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Tim Bray wrote:
> Alessandro Triglia wrote:
> > What fraction of those use cases would be left out, if the
> issue were
> > regarded as a software issue?
> None. That is to say, if you have access to software that
> supports both
> the efficient entry and correct display of the whole Unicode
> repertoire, then you don't have any problem at all.
It doesn't have to be the whole Unicode repertoire. Even your proposed
solution addresses only a subset of Unicode characters. So probably most of
the people would be happy if they had a browser and/or an editor that
supported a reasonable subset of Unicode characters, aiding input and
More importantly, the subset of characters each product supports would only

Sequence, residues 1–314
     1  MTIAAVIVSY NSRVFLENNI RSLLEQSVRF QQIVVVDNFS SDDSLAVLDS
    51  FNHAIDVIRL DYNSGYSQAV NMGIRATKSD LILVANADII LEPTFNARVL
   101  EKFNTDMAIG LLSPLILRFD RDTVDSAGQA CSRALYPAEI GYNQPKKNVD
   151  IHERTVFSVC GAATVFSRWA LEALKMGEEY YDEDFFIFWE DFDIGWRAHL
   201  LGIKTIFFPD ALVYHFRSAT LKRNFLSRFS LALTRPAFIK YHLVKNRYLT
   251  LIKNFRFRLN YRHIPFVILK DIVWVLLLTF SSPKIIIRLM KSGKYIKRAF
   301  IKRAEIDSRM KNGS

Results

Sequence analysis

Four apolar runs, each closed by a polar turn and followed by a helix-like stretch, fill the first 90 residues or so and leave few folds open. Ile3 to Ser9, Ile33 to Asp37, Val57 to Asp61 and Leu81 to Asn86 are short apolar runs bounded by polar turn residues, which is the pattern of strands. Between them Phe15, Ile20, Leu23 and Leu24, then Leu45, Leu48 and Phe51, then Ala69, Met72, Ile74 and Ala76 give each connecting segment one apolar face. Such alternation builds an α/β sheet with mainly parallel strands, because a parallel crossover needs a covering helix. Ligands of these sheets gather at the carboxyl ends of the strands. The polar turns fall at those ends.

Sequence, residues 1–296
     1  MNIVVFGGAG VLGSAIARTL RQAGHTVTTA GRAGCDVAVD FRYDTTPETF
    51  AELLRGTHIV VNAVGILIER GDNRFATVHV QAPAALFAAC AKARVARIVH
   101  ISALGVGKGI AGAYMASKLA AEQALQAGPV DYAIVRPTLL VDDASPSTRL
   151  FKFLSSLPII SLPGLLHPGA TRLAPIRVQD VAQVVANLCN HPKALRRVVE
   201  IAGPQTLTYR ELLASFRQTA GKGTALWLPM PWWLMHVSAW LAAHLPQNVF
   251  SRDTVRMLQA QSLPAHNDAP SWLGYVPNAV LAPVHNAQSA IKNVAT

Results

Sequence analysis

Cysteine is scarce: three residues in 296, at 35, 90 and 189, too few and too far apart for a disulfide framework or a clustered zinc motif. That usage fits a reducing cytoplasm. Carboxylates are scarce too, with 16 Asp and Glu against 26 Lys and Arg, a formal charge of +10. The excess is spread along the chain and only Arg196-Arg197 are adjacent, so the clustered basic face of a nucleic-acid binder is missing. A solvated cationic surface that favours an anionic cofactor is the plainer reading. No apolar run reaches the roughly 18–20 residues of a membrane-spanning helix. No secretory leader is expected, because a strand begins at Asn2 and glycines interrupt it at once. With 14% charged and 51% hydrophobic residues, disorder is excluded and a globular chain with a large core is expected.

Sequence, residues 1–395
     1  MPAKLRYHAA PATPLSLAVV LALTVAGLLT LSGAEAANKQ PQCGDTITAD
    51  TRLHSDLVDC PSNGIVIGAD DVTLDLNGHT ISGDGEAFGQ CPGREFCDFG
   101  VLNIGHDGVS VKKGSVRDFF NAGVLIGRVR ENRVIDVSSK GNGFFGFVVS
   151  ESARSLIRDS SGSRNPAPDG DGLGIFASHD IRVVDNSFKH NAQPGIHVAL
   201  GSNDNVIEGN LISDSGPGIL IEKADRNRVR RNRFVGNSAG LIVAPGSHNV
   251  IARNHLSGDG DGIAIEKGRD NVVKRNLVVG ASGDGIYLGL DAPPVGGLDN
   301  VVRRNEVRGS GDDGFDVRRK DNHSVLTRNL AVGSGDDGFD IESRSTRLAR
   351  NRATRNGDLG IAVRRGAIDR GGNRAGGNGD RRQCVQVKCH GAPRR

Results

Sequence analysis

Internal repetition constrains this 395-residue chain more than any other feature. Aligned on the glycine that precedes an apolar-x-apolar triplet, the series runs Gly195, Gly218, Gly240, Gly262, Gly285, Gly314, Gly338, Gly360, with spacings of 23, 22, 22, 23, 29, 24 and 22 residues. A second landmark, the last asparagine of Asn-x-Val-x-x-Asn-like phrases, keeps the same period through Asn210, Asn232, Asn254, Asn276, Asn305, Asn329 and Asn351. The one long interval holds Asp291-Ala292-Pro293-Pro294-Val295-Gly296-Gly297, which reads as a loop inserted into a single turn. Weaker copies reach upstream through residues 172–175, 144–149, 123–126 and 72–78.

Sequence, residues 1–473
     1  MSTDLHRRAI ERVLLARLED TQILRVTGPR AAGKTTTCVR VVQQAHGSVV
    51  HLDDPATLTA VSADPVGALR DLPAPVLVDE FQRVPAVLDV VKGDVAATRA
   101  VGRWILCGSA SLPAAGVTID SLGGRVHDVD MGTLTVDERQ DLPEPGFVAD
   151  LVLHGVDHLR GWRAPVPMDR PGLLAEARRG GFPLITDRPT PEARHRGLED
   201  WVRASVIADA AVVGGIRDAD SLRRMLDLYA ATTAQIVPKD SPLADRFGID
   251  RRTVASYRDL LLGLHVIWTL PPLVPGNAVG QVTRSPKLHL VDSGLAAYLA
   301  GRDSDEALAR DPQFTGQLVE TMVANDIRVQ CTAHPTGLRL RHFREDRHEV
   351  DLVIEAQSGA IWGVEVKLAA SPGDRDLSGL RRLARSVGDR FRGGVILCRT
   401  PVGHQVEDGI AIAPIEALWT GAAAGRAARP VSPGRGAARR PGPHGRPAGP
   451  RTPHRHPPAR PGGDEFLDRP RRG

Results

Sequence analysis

affect that particular product and would have no impact on interoperability,
because character names would not be used in the encodings. Competition
would drive the extent of support provided by each product, so as to make
the users happy.
The increased complexity of a tool supporting display/input in this way
would likely be less than the increased complexity of a tool supporting
UTF-8+names. It would be less because the encoding would still be unique.
Only the handling of the display form of characters would be affected, which
would need to happen anyway. And there would be no possible confusion
between XML entities and encoding-level pseudo-entities, and so on.
What I am saying is that the extent of the changes that a tool must undergo
in order to support UTF-8+names adequately is probably greater than the
effort for implementing input/display aids as a product-specific feature.
There are also important quality-related issues, as Bob mentioned. If all
the use cases are satisfied, as you seem to agree, by enhancing the
software, this is the route I would prefer.
> Cheers, Tim Bray (http://www.tbray.org/ongoing/)